PCC upholds Claire Balding 'dyke on a bike' complaint

The Press Complaints Commission has upheld a complaint made by BBC presenter Clare Balding after Sunday Times writer AA Gill described her as a ‘dyke on a bike”.

Balding complained that Gill had breached the discrimination clause of the Editors’ Code by making the comment in The Sunday Times Culture section on 25 July while reviewing her BBC4 programme, Britain by Bike.

Balding claimed Gill’s use of a ‘pejorative reference to her sexuality, irrelevant to the programme’was compounded by a mock apology by the columnist for previously saying that she looked ‘like a big lesbian”.

The newspaper defended Gill on freedom of expression grounds, claiming the controversial columnist was well-known for his acerbic and sometimes tasteless sense of humour.

The Sunday Times told the PCC the term ‘dyke’had been reclaimed by various groups as an empowering, not offensive, term.

In its view, the PCC was told, there was no reason why – in an age where homosexuality carried little social stigma – the reviewer could not discuss the sexuality of a TV presenter who had no problem with being openly gay.

The newspaper drew the PCC’s attention to two organisations called Dykes on Bikes – an American lesbian motorcycling movement and a UK-based cycling movement – whose members had reclaimed the word ‘dyke’as an empowering, not offensive, term.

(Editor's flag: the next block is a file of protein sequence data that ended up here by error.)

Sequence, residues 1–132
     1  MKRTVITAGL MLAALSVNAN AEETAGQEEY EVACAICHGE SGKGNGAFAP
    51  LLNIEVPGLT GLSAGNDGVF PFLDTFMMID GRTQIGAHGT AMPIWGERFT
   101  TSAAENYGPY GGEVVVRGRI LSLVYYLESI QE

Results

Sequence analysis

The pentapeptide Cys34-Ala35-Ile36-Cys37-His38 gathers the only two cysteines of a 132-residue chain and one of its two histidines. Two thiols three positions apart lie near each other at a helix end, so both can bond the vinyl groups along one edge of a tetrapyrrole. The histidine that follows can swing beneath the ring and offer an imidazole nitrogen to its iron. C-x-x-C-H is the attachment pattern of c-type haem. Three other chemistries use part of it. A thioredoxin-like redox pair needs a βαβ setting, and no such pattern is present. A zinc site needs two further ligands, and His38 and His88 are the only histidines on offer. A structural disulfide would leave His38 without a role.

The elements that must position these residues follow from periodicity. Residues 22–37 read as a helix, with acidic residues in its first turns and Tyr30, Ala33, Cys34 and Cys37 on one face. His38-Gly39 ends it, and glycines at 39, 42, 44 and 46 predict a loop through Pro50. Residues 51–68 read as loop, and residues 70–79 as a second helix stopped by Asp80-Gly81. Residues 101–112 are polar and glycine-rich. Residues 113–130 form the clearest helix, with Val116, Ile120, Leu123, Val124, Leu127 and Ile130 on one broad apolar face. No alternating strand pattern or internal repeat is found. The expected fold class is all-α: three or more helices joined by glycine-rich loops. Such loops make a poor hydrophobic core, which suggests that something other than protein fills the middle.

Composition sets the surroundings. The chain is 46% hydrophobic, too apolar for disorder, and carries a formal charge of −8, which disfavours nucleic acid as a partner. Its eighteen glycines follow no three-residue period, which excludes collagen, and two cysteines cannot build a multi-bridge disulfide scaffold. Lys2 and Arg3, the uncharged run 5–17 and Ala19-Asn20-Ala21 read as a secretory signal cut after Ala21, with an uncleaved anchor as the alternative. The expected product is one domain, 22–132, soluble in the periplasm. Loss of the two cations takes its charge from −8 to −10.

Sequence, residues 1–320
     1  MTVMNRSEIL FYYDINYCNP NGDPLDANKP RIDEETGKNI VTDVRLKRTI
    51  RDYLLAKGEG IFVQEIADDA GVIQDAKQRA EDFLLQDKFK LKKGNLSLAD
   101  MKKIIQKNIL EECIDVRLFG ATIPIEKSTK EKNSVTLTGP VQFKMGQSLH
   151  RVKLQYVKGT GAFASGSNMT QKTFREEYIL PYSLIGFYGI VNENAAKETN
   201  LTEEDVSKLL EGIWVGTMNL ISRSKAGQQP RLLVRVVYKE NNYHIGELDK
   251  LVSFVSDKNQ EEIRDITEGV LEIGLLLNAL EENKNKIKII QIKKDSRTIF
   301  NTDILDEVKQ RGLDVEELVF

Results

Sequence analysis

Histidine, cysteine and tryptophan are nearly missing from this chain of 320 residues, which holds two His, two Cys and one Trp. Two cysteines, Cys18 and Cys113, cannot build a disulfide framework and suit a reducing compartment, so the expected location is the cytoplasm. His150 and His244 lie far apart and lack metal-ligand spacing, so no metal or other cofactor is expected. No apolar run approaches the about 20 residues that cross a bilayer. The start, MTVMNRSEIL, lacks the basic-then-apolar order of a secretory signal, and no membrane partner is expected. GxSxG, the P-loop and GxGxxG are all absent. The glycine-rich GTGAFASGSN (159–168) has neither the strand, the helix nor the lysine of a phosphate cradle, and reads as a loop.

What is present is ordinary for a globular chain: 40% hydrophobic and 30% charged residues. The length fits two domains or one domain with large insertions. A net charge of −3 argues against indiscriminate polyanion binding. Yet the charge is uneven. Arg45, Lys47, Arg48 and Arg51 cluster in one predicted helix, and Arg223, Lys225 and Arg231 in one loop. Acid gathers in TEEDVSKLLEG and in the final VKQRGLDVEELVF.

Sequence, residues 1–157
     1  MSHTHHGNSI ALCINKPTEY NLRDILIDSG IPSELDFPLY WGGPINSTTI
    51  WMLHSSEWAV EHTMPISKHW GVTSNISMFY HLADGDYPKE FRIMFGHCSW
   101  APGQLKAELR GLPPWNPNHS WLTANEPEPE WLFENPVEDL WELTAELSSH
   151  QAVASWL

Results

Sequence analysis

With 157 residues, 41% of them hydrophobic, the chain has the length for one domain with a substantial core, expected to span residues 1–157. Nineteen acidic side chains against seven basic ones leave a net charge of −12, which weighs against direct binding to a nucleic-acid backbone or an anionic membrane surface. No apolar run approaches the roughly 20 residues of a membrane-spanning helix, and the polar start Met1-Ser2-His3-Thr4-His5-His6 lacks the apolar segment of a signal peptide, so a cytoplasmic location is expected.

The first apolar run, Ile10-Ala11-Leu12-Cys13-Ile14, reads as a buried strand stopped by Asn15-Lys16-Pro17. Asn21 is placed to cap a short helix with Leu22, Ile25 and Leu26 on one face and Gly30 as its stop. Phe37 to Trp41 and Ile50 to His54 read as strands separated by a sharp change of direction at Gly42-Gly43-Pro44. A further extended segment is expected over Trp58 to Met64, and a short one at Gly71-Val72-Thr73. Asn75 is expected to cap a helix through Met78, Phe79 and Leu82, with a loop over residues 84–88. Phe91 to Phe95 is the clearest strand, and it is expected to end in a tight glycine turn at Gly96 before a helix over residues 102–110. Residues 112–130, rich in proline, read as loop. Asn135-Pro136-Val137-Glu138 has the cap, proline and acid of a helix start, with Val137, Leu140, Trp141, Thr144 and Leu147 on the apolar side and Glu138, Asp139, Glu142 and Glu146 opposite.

It argued that an individual’s sexuality should not give them an ‘all-encompassing protected status”.

The PCC rejected this interpretation ruling that use of the word ‘dyke’in the article – whatever its intention – was a ‘pejorative synonym relating to the complainant’s sexuality”.

Balding indicated to the PCC that she was not demanding special treatment, simply the same treatment as everybody else.

She had asked the newspaper to apologise, complaining to its editor, John Witherow, about the tone of the article. However, in a later Guardian interview she claimed to be taken aback by his response which suggested that some gay people need to ‘stop regarding themselves as having a special victim status”.

‘The context was not that the reviewer was seeking positively to ‘reclaim’ the term, but rather to use it to refer to the complainant’s sexuality in a demeaning and gratuitous way,’the PCC ruled.

‘This was an editorial lapse which represented a breach of the code, and the newspaper should have apologised at the first possible opportunity.”

Stephen Abell, director of the PCC, said: ‘Freedom of expression is a key part of an open society and something which the commission has defended robustly in the past.

‘While the commentator is clearly entitled to his opinion about both the programme and the complainant, there are restraints placed upon him by the terms of the editors’ code.

‘Clause 12 is very clear that newspapers must avoid prejudicial, pejorative or irrelevant reference to an individual’s sexual orientation and the reference to Miss Balding plainly breached its terms.”

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